• According to various embodiments, there is provided: a method for powering a deep implantation transponder in a patient, comprising the steps of: coupling a subdermal outer transfer coil to an inner transfer coil located proximate to a plurality of microtransponders; and driving the inner transfer coil at a resonant or harmonic frequency of a resonator power circuit in said microtransponders to power said microtransponders.
  • According to various embodiments, there is provided: a deep transponder system, comprising: a plurality of outer transfer coils implanted underneath the skin coupled to at least one of a plurality of inner transfer coils implanted proximate to a plurality of microtransponders implanted in tissue; individual ones of the transfer coils tuned to at least one of a plurality of external power coils for near field magnetic coupling allowing radio frequency power from the external coils to power selected microtransponders at predetermined resonant or harmonic frequencies.
  • According to various embodiments, there is provided: a deep transponder system, comprising: a plurality of outer transfer coils coupled electrically with a plurality of inner transfer coils positioned proximate to a plurality of microtransponders implanted in tissue; and respective ones of the outer transfer coils being inductively coupled to a movable external power coil to thereby allow radio frequency power from the external coils to power selected microtransponders at predetermined tuned frequencies.
  • According to various embodiments, there is provided: a method for operating a deep implantation transponder, comprising the steps of: implanting an outer transfer coil in subdermal tissue coupled to an inner transfer coil implanted proximate to a plurality of microtransponders in tissue; and coupling the outer transfer coil to an epidermal power coil using wireless near field magnetic coupling to thereby allow radio frequency power from the epidermal power coil to power said microtransponders.
  • According to various embodiments, there is provided: a method for operating a deep nerve transponder, comprising the steps of: coupling a plurality of microtransponders interfaced with a plurality of deep nerves to a proximately implanted first coil using wireless magnetic coupling, said first coil connected to a second coil implanted in subdermal tissue; and powering the microtransponders by coupling the second coil to an epidermal third coil using wireless near field magnetic coupling and transmitting radio frequency power from the epidermal third coil.
  • According to various embodiments, there is provided: a tissue-implantable transfer unit for implanted wireless microtransponders, comprising: first and second biocompatible coils; and a biocompatible electrical connection coupling said first and second coil; wherein said first and second coils form a coupled passive resonator; and whereby said first and second coils jointly provide power transfer from wireless power inputs at said first coil to wireless power outputs at said second coil.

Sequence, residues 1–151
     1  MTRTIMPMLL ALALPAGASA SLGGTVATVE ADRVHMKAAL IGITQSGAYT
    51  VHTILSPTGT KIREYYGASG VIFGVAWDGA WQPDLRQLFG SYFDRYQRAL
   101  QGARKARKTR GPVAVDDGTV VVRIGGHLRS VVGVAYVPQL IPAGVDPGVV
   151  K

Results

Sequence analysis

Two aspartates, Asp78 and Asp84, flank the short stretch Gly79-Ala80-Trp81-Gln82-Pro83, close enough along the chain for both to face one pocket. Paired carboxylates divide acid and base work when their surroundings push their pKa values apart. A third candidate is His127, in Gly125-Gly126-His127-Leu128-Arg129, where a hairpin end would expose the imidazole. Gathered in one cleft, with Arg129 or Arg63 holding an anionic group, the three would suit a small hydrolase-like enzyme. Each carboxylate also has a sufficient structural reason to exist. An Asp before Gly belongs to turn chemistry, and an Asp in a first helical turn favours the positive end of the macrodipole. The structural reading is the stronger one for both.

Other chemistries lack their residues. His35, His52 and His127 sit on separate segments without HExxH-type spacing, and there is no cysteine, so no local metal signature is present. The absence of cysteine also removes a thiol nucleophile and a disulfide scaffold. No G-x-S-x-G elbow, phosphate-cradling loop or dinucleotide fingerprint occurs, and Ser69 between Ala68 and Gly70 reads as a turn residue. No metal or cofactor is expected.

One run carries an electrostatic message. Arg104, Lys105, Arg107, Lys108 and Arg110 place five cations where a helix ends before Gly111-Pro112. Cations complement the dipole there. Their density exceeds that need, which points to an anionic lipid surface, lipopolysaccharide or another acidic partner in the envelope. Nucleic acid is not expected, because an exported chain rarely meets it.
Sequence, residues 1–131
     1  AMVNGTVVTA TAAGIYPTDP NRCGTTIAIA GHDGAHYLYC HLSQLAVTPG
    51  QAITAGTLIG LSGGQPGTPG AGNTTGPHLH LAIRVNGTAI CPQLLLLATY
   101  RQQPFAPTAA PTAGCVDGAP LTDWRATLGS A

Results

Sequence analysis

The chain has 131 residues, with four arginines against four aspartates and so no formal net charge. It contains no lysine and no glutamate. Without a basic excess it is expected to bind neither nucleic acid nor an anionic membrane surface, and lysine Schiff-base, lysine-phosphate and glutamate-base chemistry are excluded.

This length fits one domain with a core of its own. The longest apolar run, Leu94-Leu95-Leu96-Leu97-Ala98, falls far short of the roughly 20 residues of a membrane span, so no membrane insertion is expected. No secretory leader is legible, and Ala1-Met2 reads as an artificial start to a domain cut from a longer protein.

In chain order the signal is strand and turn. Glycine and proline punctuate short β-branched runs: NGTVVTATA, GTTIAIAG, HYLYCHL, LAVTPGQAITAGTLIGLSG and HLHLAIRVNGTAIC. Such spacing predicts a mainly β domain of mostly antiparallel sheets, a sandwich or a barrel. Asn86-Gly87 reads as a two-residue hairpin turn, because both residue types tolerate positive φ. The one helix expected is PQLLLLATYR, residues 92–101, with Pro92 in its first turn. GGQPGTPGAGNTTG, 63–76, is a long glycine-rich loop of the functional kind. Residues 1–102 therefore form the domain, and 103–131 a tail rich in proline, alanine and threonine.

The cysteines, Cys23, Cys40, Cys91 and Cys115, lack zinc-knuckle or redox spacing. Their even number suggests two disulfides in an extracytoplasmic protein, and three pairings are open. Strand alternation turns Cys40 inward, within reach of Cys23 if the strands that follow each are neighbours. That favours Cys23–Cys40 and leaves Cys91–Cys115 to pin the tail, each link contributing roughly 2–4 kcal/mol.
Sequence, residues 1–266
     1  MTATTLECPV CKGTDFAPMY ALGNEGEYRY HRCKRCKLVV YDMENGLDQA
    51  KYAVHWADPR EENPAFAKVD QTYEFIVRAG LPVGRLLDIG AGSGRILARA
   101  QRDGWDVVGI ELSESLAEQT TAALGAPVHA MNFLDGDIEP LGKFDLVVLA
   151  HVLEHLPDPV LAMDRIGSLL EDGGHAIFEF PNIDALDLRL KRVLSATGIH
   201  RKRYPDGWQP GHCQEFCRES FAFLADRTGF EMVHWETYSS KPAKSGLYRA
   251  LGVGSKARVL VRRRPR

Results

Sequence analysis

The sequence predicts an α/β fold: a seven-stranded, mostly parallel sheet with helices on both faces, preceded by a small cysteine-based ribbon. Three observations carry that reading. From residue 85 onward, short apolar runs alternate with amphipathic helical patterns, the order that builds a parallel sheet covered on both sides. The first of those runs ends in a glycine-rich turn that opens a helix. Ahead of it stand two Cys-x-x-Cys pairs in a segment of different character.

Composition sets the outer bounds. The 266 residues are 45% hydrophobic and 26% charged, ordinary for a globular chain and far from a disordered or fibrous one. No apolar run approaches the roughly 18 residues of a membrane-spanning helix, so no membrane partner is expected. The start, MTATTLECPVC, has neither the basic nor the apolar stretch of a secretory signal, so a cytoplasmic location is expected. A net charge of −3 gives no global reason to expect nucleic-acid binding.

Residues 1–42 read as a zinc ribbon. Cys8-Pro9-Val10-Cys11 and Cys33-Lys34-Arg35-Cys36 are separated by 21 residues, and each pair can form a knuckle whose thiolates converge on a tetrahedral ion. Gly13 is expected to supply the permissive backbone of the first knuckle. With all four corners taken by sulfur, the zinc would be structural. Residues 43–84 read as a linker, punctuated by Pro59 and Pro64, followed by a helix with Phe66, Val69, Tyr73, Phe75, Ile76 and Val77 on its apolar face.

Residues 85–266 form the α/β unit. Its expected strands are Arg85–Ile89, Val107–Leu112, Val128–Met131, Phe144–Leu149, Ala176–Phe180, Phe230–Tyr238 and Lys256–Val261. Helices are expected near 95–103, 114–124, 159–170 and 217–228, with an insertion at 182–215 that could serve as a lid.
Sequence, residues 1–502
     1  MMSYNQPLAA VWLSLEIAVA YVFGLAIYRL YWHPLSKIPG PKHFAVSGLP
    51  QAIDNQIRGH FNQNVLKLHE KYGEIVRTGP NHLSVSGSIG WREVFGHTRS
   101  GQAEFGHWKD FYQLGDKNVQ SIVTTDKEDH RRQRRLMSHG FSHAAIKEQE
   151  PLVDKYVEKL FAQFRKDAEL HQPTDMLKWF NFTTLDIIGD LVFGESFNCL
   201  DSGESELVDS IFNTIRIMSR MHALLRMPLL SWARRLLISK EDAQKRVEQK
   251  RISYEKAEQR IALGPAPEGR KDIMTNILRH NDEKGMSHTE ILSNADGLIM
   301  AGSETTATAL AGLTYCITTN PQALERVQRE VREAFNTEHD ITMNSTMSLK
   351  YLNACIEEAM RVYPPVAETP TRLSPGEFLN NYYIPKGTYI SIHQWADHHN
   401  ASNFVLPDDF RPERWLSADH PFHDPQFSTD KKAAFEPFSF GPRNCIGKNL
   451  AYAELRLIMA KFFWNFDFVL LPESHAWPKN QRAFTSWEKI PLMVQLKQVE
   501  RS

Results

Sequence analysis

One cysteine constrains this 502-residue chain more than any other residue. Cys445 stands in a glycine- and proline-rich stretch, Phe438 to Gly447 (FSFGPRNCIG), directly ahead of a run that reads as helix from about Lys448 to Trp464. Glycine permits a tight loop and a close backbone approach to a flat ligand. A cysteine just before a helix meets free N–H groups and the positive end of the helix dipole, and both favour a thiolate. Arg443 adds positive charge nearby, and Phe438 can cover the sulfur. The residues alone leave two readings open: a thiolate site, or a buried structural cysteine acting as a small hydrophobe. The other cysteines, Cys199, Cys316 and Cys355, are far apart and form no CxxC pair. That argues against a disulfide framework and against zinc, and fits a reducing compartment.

• According to various embodiments, there is provided: a method for powering a wireless transponder system in a patient, comprising the steps of: providing a first biocompatible coil; establishing an electrical connection coupling the first biocompatible coil to a second biocompatible coil; and coupling a biocompatible microtransponder wirelessly to the second biocompatible coil; wherein the microtransponder is powered by the second biocompatible coil using power coupled through the electrical connection from the first biocompatible coil.
  • MODIFICATIONS AND VARIATIONS
  • As will be recognized by those skilled in the art, the innovative concepts described in the present application can be modified and varied over a tremendous range of applications, and accordingly the scope of patented subject matter is not limited by any of the specific exemplary teachings given.
  • The specific implementations given herein are not intended to limit the practice of the present innovations.
  • One such specific variation is dispensing with the subdermal/outer transfer coil to use a three coil power transmission arrangement. Power from the external coil would transmit to the subcutaneous/inner transfer coil to power the microtransponder micro-coil.
  • The interface between the two transfer coils can comprise radio frequency, low frequency, or direct current power. The wired connection between the two transfer coils can typically be coaxial or a balanced line connection. The external coil and the subdermal/outer transfer coil can comprise paralleled coils at the skin surface. There can further be multiple internal drivers to power the microtransponders. The configuration can also make use of spatial resolution. Finally, the described embodiment is a single power transfer through one internal tissue boundary, while the invention also extends to a double power transfer through two internal boundaries or potentially more.